Try and get along to a show to talk to breeders. The Breed Club show of your chosen breed is particularly valuable

Look for the type you particularly like and get your name on the breeder's waiting list.

Do your research: learn what health issues are associated with the breed and what screening programs are available for the breed.

In the case of Golden Retrievers, prospective parents should be at least screened for hip

and elbow dysplasia and eye tested annually.

Ask to see the results of these tests.

The breeder will want to ask questions to make sure the puppy will fit into your lifestyle.

He/she may ask you to visit before the pups are born, then send you pictures during the first 3 or 4 weeks before inviting you to see the pups for the first time.

Build a relationship with your breeder who should be willing to offer help and advice for the lifetime of your puppy.

Don't be surprised if the breeder has put endorsements on the registration document, this is normal practice to ensure the welfare of the puppy and the breed in general but discuss it with him/her to avoid any misunderstandings later.

Should life take a downturn and you are unable to keep your pup/dog, always contact the breeder first. A good breeder will take their puppy back at whatever age, this should be written in your Contract of Sale, or will be happy to approve any suitable arrangement you yourself may have made.

Q. Would your advice be to someone who is looking rescue a dog?

It is very fashionable these days to adopt a dog from Eastern Europe. Please don't be tempted to go down this route: a few of the many charities which have sprung up are not all they appear to be, and most worryingly, vets are concerned with the diseases such as Leishmaniasis and heartworm, some of these dogs may be introducing into the UK, posing a threat to the native pet population.

While I have every sympathy for these dogs, there are many dogs already in UK looking for their forever home.

The Dog Trust has a Centre in the East of Scotland.

For a specific breed, contact the relevant Breed Club as most have a Rescue scheme.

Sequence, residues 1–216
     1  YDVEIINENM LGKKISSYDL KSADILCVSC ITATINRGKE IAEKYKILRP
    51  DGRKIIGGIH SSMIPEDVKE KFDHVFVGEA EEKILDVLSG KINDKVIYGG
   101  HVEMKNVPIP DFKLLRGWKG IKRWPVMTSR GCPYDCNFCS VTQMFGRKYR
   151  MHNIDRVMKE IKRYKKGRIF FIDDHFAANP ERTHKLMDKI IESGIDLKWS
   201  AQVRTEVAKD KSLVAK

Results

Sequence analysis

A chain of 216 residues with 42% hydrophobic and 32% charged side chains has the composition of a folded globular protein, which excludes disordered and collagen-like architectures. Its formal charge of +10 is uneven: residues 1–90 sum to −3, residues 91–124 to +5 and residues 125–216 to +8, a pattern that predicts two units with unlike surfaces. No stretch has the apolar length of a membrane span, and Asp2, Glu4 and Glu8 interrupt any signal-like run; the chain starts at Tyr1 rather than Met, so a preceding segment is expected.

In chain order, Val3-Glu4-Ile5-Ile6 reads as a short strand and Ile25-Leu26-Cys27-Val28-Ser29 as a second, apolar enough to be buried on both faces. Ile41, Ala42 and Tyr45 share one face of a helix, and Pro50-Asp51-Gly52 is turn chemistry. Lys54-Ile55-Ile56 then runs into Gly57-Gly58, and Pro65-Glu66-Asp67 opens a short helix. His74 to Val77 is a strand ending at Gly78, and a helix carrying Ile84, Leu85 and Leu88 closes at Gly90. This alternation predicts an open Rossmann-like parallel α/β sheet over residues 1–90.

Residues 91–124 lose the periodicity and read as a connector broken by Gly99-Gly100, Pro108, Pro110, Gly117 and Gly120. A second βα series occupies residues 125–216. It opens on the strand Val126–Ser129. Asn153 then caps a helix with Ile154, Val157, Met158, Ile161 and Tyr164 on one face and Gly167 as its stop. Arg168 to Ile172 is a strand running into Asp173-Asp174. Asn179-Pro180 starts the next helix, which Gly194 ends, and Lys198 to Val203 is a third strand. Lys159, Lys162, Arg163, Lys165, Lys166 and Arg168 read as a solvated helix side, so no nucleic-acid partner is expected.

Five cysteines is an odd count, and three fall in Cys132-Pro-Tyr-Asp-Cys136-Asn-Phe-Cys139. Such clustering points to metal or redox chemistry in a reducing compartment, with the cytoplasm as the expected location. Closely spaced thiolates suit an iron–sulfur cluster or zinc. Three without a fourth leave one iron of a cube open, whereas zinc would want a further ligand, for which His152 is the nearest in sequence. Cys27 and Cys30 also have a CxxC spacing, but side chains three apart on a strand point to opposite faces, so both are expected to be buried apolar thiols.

For Golden Retrievers, the GRCS list is long so prepare for a wait before a suitable dog becomes available.

Q. What diet would you recommend for a dog competing in showing?

Take advice from the breeder of your puppy who should issue you with a diet sheet to follow. It is a mistake to change the puppy's diet too soon after you buy it.

Nutrition is a vast subject: there are those who advocate raw feeding, but I have for many years fed a quality brand of extruded complete food.

Recently I have been introduced to cold pressed food which I think has some benefits over the extruded brands which are heated to temperatures over 100* C killing or altering amino acids and nutrients.

There is no difference between a pet and “show” dog as regards nutrition, both should be kept in optimum condition, and after doing your research, it is a personal choice as to what suits your dog and your lifestyle.

Q. Would you encourage people to get into this industry?

If you are prepared to get up at 3 am, drive hundreds of miles in your car, drink flasks of coffee, eat loads of rubbish, all for an opinion of your beloved (and it is just one subjective opinion ), and if you get lucky, you will be handed a piece of coloured cardboard.

If this floats your boat, then this is the hobby for you.

Did I say you have to have deep pockets?

On the plus side, I have met many like-minded people, made a few good friends, and have many happy memories.

Q. Are you still involved in the showing industry?

I still like to attend a few shows a year as a spectator but, as I no longer drive, I am dependent on others for a lift.

This year, I was looking forward to showing a granddaughter of one of my girls, in partnership with my friend, but along came corona virus and all shows have been postponed or cancelled, quite rightly.

I do miss the camaraderie and buzz of competition and like to keep up to date with results, but my health does not allow full participation.